My riding is also regularly interrupted by the rainy season in the winter and travel in the summer, so that I find myself repeatedly falling out of shape and getting back into shape. When I'm out of shape, I can't say that I revert back to the level of a non-sporting person who's getting on top of a mountain bike for the first time, perhaps, but I do regress to a level where, say, a 10-mile trail ride with 2000 feet of total climb might become challenging to me again.

So, when judging the duration figures and difficulty descriptions you see here for a ride or in interpreting what I've said about how fun a particular ride is, knowing these about my riding style might put things in perspective for you. In addition, the duration I list for each ride is typically the exact amount of time reflected in the timestamps of the GPS track of that ride. As such, all rest stops are included in it, as well as time spent being distracted by trailside attractions, shooting photos, filming videos of my riding buddies retrying difficult trail sections, coffee stops, and sometimes even a lunch stop. Gauge them accordingly.

"What do the ratings mean?"


This is the amount of fun I would expect to have on the ride purely from a riding point of view. In other words, only the characteristics of the trail(s) and what you'll be doing on your bike to get through it that factors into this rating. The ride may have stunning views all around but be on a flat and featureless fire road and its fun rating will still be dismal. Neither will trail-side attractions and other interesting diversions during the ride affect this. The fun rating is purely about the riding experience.

1/10  Better hope you'll be seeing something special during this ride, because the ride itself will not give you anything in terms of riding fun.
5/10  There are some interesting parts of this route in terms of riding experience, but they don't constitute enough of the ride. Unless it's your first time here or you're doing the ride for additional reasons, you might not be too interested in this one.
10/10  Everything you could ever expect from a mountain bike ride. It would be worth driving a hundred miles to be able to do this ride.


This is a measure of how interesting the things you'll be seeing around you during the ride will be. By this, I mean mostly distant landscapes and open vistas. You might be a lover of lush jungle-like forest environments (and I share that with you) but a ride that gives you a lot of that wouldn't result in a high scenery rating here. This is a scenery score only in the sense people mean when they say "this house has a great view".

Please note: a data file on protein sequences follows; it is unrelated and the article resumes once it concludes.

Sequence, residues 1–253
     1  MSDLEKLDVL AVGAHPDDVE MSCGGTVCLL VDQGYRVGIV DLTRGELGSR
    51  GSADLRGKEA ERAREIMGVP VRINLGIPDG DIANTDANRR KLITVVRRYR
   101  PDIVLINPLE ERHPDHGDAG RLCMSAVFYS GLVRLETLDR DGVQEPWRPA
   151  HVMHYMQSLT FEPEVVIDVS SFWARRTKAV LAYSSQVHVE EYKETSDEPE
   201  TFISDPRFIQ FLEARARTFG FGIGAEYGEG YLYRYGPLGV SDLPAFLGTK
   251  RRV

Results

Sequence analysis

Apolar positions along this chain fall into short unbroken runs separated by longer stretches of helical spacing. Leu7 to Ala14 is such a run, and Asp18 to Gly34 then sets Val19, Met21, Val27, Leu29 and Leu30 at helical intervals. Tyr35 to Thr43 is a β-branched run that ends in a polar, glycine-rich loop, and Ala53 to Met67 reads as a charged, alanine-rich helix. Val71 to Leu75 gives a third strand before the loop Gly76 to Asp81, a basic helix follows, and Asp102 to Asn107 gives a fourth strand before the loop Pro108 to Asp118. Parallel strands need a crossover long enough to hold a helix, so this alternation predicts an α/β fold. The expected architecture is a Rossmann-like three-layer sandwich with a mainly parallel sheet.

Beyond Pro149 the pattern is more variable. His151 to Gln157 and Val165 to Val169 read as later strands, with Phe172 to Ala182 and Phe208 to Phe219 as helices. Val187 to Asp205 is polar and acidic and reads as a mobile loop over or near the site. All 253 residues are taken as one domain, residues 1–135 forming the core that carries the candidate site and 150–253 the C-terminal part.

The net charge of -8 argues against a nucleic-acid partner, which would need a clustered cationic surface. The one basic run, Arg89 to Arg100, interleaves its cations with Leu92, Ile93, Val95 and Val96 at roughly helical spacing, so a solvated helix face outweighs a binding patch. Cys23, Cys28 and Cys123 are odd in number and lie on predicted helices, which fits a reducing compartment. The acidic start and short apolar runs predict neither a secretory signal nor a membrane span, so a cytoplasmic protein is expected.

1/10  Nothing at all to look at other than the trail itself and what's immediately on either side. (This might be a dense woodland, for example.)
5/10  More views than what you would expect from just any mountain bike ride, but it's either for a brief period, or not very "long" views (i.e., it's only to neighboring valleys, ridges, etc.).
10/10  Never mind the bike ride, this is one of the best vista points in the whole area. It would be easily worth coming here for the views even if you won't be riding.

Aerobic Difficulty:

The physical difficulty of the ride in terms of the exertion and stamina that it requires. Note that this is the overall difficulty of the ride. A ride with a relatively low rating may still have short sections that will take a lot of effort to clear, or even that you might have to walk.

1/10  No physical challenge worth mentioning at all. This is a ride where you can easily bring along not just your (non-rider) family and kids, but even small kids riding their own bikes will probably be perfectly fine.
5/10  When you're out of shape, this is a ride that might count as a reasonable workout, but won't present a challenge for you. If you're in good shape, you won't think this is enough of a workout. But people who don't work out at all (biking or something else) might have difficulty finishing this ride.
10/10  This ride is either a real "epic", or it traverses a lot of crazily steep climbs. Attempting this ride when you're in anything but your best physical shape is almost certain to be a mistake.

Technical Difficulty: